Letting your friends know where you are is supposed to be the point of Loopt. The location-based app for the iPhone (and for some other mobile phones no one ever talks about) would work great, too, if you still have friends after you install the thing. After people who never signed up started getting "creepy" text messages inviting them to join, actual consenting users complained back that the app had sent unsolicited texts to their entire contact lists — and ohmigod, fanboy-favorite videoblonder iJustine was one of them! So what now, blog gang? How do you make Loopt's dirty poly-polo-shirted CEO pay?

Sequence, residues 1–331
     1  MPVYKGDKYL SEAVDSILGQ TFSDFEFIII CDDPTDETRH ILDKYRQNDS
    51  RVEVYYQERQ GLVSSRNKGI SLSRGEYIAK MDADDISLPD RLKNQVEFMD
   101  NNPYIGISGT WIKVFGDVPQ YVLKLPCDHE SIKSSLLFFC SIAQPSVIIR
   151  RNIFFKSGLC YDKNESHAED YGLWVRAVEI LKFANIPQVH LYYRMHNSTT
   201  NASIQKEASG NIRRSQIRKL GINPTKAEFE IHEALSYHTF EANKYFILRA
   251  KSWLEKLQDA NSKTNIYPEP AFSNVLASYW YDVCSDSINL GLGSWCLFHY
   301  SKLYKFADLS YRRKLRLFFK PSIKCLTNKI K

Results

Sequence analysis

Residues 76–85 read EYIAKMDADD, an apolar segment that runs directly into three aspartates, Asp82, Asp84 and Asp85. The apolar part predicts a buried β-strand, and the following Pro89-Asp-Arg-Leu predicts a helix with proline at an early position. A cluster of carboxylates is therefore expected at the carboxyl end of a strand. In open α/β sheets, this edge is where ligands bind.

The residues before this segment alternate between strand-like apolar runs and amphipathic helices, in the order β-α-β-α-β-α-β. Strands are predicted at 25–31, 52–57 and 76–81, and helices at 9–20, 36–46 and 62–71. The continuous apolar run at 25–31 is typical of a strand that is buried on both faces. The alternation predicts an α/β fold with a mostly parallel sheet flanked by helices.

Sam Altman, Loopt's CEO and chief popped-collars officer, apologized — "Sorry, everyone. My bad". This morning, Loopt had kept the offending friend-adding feature turned off, and promised a new release that would make sifting the real friends you want to track obsessively from the chaff you just keep on your contacts' list just so caller ID can help you avoid their calls. Those Loopt pre-launch test cases must have assumed we were all way tighter than that.